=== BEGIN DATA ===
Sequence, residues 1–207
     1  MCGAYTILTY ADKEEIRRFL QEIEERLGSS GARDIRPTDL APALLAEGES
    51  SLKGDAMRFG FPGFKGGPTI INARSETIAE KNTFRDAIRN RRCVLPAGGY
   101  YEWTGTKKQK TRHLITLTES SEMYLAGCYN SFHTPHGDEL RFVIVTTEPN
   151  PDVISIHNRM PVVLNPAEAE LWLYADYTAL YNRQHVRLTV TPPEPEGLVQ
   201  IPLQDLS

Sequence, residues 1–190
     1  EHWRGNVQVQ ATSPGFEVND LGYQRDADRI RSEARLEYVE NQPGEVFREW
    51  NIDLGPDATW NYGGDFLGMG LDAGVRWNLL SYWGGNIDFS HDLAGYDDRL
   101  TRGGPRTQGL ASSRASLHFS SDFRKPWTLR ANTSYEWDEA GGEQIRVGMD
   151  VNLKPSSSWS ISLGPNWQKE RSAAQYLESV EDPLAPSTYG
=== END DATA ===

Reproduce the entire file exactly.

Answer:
Sequence, residues 1–207
     1  MCGAYTILTY ADKEEIRRFL QEIEERLGSS GARDIRPTDL APALLAEGES
    51  SLKGDAMRFG FPGFKGGPTI INARSETIAE KNTFRDAIRN RRCVLPAGGY
   101  YEWTGTKKQK TRHLITLTES SEMYLAGCYN SFHTPHGDEL RFVIVTTEPN
   151  PDVISIHNRM PVVLNPAEAE LWLYADYTAL YNRQHVRLTV TPPEPEGLVQ
   201  IPLQDLS

Sequence, residues 1–190
     1  EHWRGNVQVQ ATSPGFEVND LGYQRDADRI RSEARLEYVE NQPGEVFREW
    51  NIDLGPDATW NYGGDFLGMG LDAGVRWNLL SYWGGNIDFS HDLAGYDDRL
   101  TRGGPRTQGL ASSRASLHFS SDFRKPWTLR ANTSYEWDEA GGEQIRVGMD
   151  VNLKPSSSWS ISLGPNWQKE RSAAQYLESV EDPLAPSTYG